St. Clair Carhouse dates from 1913, about eight years before the Toronto Transportation Commission came into being. It is the only property still standing today retaining some of its streetcar heritage that was constructed by the Toronto Civic Railways to house its streetcars.
The Toronto Civic Railways was formed in 1911 to service those newly annexed areas of Toronto that the Toronto Railway Company refused to service. One of the major corridors to see service was St. Clair. Significantly removed from the rest of the system (which primarily operated in Toronto's east end), a new yard had to be built to house and maintain the streetcars necessary for the St. Clair and Lansdowne routes built at that time.
Service on St. Clair began on August 25, 1913; the carhouse on Wychwood Avenue (then called Bracondale Avenue) was opened on April 4, 1914. Until that point, St. Clair streetcars were stored in a temporary yard on Station Street (now Caledonia Road). The property chosen for the site was originally a park; no structures had to be demolished to build the carhouse.
The structure began as a simple building two hundred feet long and thirty-eight feet wide. It had a steel frame and concrete, brick and hollow tile walls. A storeroom and a traffic office were located at the Christie Street side of the building. In total, the original structure, still standing today, had room enough for three tracks. A fourth outside track provided additional capacity; in total, 12 cars could be stored. Double-ended cars drove into the stub tracks and, when they entered service, they did so on a single track up Bracondale (Wychwood) Avenue.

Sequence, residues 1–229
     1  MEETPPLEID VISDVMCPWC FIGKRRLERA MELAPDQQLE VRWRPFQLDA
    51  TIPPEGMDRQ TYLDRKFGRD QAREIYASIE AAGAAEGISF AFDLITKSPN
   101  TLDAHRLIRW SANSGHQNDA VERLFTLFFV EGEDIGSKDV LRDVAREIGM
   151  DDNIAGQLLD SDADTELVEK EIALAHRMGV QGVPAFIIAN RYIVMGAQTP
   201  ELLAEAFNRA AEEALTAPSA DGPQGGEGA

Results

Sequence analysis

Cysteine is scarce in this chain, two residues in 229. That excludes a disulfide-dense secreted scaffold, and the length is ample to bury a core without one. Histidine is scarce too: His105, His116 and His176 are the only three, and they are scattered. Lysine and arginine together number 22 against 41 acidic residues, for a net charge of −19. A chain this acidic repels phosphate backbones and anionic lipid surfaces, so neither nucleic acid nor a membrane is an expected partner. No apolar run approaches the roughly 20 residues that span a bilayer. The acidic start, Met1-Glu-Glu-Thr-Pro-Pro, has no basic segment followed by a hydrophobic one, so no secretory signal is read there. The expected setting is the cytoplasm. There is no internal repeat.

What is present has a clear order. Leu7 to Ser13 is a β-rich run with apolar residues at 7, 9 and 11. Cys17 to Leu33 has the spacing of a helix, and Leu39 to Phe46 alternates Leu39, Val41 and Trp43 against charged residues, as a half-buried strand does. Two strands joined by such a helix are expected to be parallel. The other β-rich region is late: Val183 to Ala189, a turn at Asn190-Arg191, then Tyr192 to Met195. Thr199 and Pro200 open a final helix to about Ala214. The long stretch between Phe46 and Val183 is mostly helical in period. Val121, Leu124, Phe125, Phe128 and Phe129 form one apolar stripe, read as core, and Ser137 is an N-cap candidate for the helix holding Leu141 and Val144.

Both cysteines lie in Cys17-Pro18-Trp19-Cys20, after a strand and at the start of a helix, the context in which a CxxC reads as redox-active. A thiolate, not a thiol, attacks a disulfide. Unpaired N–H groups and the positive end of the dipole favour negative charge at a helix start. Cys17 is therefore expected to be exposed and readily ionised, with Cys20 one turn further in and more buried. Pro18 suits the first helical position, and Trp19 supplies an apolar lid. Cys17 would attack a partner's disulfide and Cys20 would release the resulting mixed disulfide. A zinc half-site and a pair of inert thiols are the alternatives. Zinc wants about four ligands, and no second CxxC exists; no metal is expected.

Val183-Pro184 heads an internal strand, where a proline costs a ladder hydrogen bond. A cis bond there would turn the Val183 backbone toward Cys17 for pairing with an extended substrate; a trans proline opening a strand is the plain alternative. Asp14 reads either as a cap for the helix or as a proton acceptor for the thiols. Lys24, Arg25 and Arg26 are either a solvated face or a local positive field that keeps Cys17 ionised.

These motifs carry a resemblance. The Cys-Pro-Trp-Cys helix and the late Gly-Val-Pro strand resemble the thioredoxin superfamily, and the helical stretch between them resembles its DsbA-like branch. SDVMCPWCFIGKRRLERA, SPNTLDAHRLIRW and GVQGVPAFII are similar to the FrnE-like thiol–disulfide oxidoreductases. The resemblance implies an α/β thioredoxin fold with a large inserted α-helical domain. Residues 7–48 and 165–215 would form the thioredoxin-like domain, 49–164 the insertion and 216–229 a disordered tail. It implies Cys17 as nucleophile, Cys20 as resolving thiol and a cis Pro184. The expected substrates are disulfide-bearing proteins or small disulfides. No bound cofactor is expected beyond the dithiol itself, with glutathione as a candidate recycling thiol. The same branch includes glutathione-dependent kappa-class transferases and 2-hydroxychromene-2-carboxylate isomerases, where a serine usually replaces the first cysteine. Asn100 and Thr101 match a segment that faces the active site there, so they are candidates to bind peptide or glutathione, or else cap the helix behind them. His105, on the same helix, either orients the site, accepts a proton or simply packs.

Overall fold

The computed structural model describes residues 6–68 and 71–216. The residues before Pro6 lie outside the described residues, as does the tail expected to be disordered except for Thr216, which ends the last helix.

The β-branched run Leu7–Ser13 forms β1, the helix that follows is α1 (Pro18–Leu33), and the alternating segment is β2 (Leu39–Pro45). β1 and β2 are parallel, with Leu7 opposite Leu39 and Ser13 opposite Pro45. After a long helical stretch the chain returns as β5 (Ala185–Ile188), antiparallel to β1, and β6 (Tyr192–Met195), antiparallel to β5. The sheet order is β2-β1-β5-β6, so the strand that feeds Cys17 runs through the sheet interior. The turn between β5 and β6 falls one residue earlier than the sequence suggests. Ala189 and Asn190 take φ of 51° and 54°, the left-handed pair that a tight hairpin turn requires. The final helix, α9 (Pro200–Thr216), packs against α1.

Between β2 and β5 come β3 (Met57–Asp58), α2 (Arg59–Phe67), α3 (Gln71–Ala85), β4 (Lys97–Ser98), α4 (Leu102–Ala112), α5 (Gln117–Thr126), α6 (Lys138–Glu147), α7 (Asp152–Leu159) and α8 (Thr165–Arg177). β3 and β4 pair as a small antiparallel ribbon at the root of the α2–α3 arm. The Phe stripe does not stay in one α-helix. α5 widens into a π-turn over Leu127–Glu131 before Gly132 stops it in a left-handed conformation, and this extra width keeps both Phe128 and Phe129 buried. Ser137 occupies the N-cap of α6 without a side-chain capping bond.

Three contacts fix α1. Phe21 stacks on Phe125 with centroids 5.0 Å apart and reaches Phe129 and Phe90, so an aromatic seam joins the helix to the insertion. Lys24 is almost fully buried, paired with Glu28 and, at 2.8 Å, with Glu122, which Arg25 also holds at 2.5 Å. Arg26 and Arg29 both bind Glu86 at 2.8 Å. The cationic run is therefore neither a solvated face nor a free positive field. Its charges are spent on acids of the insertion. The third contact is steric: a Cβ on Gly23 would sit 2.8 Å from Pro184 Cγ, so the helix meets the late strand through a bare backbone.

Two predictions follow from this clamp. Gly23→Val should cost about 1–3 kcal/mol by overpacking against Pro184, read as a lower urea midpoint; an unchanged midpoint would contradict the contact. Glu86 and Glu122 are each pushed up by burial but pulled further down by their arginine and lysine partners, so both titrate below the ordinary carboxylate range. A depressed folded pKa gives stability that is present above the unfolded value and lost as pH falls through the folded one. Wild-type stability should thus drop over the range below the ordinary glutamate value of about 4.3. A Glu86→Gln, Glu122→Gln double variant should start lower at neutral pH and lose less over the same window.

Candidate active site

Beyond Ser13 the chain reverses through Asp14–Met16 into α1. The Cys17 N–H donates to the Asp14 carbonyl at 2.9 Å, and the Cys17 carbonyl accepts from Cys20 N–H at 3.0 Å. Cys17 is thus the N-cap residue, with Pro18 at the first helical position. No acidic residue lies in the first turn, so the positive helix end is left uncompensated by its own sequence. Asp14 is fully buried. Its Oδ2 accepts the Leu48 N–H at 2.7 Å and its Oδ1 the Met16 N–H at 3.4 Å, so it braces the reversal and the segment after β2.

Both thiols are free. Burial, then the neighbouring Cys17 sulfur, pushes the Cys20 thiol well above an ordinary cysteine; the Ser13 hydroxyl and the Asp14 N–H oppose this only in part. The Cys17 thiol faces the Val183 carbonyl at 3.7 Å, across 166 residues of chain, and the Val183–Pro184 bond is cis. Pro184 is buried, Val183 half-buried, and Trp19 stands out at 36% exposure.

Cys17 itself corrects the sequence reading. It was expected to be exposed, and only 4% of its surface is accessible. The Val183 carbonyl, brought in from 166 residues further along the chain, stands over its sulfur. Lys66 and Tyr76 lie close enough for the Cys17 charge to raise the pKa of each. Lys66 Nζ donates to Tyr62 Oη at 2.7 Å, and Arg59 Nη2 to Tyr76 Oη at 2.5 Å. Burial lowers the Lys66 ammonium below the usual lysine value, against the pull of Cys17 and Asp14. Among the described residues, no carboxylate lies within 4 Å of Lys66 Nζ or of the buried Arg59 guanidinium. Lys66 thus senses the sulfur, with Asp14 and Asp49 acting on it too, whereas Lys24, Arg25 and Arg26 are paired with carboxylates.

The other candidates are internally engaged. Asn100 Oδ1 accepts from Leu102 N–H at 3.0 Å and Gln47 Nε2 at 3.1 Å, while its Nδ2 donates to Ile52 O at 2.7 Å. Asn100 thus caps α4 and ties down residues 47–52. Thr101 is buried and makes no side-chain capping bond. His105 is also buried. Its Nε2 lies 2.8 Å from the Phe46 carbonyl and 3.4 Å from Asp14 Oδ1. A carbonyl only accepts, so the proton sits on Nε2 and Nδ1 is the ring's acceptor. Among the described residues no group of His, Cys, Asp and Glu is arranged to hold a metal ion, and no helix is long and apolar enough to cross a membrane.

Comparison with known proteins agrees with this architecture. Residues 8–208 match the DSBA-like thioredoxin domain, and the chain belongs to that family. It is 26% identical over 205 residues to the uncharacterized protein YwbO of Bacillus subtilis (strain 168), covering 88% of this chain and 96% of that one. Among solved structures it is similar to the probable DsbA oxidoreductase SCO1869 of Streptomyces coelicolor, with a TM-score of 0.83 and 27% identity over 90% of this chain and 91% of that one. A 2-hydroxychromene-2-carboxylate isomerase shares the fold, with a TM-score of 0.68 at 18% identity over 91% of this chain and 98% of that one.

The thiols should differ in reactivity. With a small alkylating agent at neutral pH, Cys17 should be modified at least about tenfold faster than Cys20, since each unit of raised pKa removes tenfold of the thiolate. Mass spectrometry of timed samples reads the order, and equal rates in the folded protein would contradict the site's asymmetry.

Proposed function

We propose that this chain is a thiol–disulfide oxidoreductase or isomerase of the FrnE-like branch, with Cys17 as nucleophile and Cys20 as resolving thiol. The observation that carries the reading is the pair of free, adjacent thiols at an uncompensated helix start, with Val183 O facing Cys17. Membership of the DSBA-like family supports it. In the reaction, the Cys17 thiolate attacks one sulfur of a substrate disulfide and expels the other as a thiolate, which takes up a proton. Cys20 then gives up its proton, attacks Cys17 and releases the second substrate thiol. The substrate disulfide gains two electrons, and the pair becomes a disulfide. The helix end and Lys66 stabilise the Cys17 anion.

The structure was expanded in 1916 when the Lansdowne Civic route entered service. A second three-track structure abutted the original structure on its south wall, bringing the capacity up to twenty-seven vehicles, not including the snow sweeper.
In 1921, the Toronto Transportation Commission took over operation of all the Toronto Railway Company and the Toronto Civic Railways properties and operations. Trackage on Bathurst Street was extended north from Davenport Road to St. Clair Avenue (other connections between St. Clair and the rest of the system were added at Yonge Street, Avenue Road, Lansdowne Avenue, Old Weston Road and Keele Street) and operations at St. Clair Carhouse were significantly increased.
That year, the TTC spent $220,000 to renovate the structure, adding two more three-track bays (Tracks 7-12) on the south side of the building, a two-track repair bay (Tracks A & B) on the north side of the building, large traffic offices at the northeast corner, doors over all the bays, and new track so that the cars could enter at the west (Christie Street) side of the barn and exit at the east (Wychwood Avenue) side, with runaround capability. There were nine outdoor tracks (tracks 13-21), and double track was laid down on the now renamed Wychwood Avenue to provide easier access for arriving and departing cars. By the end of the year, St. Clair Carhouse had capacity for a total of one hundred and sixty cars (50 in the carhouse, 110 in the outdoor yards).